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Amy Clampitt Poems
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A Hedge Of Rubber Trees by Amy Clampitt
The West Village by then was changing; before long
the rundown brownstones at its farthest edge
would have slipped into trendier hands. She lived,
impervious to trends, behind a potted hedge of
rubber trees, with three cats, a canary—refuse
from whose cage kept sifting down and then
germinating, a yearning seedling choir, around
the saucers on the windowsill—and an inexorable
cohort of roaches she was too nearsighted to deal
with, though she knew they were there, and would
speak of them, ruefully, as of an affliction that
might once, long ago, have been prevented.

Unclassifiable castoffs, misfits, marginal cases:
when you're one yourself, or close to it, there's
a reassurance in proving you haven't quite gone
under by taking up with somebody odder than you are.
Or trying to. "They're my friends," she'd say of
her cats—Mollie, Mitzi and Caroline, their names were,
and she was forever taking one or another in a cab
to the vet—as though she had no others. The roommate
who'd become a nun, the one who was Jewish, the couple
she'd met on a foliage tour, one fall, were all people
she no longer saw. She worked for a law firm, said all
the judges were alcoholic, had never voted.

But would sometimes have me to dinner—breaded veal,
white wine, strawberry Bavarian—and sometimes, from
what she didn't know she was saying, I'd snatch a shred
or two of her threadbare history. Baltic cold. Being
sent home in a troika when her feet went numb. In
summer, carriage rides. A swarm of gypsy children
driven off with whips. An octogenarian father, bishop
of a dying schismatic sect. A very young mother
who didn't want her. A half-brother she met just once.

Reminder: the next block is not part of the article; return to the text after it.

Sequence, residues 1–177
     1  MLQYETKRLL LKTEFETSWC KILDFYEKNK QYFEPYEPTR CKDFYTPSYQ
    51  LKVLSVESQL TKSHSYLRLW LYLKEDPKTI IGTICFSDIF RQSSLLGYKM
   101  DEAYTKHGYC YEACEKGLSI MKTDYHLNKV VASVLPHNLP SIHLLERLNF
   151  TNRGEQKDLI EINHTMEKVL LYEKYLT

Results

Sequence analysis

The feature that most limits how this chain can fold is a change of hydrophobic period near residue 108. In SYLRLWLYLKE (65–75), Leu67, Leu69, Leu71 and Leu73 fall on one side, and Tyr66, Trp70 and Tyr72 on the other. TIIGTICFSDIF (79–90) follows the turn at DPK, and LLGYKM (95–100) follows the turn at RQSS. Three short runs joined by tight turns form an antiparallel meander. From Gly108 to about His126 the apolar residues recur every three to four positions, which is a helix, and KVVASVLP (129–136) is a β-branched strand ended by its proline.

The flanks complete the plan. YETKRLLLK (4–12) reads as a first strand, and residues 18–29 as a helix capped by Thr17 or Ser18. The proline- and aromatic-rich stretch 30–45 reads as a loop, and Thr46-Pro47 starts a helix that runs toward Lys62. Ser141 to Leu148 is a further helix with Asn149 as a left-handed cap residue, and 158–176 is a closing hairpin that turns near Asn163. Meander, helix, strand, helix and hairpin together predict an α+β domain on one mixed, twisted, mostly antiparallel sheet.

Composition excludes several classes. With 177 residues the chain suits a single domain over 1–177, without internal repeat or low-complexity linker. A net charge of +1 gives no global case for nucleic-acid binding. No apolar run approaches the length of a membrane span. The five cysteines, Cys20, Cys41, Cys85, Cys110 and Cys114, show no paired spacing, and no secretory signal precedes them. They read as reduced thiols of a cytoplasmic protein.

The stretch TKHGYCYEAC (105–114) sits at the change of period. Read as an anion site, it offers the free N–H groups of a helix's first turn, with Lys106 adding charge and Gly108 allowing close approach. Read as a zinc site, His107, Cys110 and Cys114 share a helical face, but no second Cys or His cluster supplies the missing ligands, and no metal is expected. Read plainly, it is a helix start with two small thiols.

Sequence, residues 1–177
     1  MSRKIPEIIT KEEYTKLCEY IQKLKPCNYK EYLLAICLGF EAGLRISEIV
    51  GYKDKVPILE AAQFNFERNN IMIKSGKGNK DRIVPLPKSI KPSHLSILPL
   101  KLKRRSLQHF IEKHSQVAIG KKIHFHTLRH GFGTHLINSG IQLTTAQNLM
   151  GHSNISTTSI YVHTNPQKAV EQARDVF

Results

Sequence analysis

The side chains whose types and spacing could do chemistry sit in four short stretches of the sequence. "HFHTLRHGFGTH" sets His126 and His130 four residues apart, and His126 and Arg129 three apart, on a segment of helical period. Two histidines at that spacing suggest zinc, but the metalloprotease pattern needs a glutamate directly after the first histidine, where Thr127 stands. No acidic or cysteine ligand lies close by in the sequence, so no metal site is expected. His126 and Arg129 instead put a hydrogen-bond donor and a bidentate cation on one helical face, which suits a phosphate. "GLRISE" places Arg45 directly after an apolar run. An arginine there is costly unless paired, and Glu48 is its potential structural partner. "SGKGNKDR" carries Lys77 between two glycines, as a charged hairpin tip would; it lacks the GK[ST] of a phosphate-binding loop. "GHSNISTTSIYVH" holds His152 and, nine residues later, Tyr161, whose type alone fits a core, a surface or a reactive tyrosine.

Cousins in Wisconsin, one of whom phoned her from a candy
store, out of the blue, while she was living in Chicago.
What had brought her there, or when, remained unclear.

As did much else. We'd met in church. I noticed first
a big, soaring soprano with a wobble in it, then
the thickly wreathed and braided crimp in the mouse-
gold coiffure. Old? Young? She was of no age.
Through rimless lenses she looked out of a child's,
or a doll's, globular blue. Wore Keds the year round,
tended otherwise to overdress. Owned a mandolin. Once
I got her to take it down from the mantel and plink out,
through a warm fuddle of sauterne, a lot of giddy Italian
airs from a songbook whose pages had started to crumble.
The canary fluffed and quivered, and the cats, amazed,
came out from under the couch and stared.

What could the offspring of the schismatic age and a
reluctant child bride expect from life? Not much.
Less and less. A dream she'd had kept coming back,
years after. She'd taken a job in Washington with
some right-wing lobby, and lived in one of those
bow-windowed mansions that turn into roominghouses,
and her room there had a full-length mirror: oval,
with a molding, is the way I picture it. In her dream
something woke her, she got up to look, and there
in the glass she'd had was covered over—she gave it
a wondering emphasis—with gray veils.

The West Village was changing. I was changing. The last
time I asked her to dinner, she didn't show. Hours—
or was it days?—later, she phoned to explain: she hadn't
been able to find my block; a patrolman had steered her home.
I spent my evenings canvassing for Gene McCarthy. Passing,
I'd see her shades drawn, no light behind the rubber trees.
She wasn't out, she didn't own a TV. She was in there,
getting gently blotto. What came next, I wasn't brave
enough to know. Only one day, passing, I saw
new shades, quick-chic matchstick bamboo, going up where
the waterstained old ones had been, and where the seedlings—
O gray veils, gray veils—had risen and gone down.
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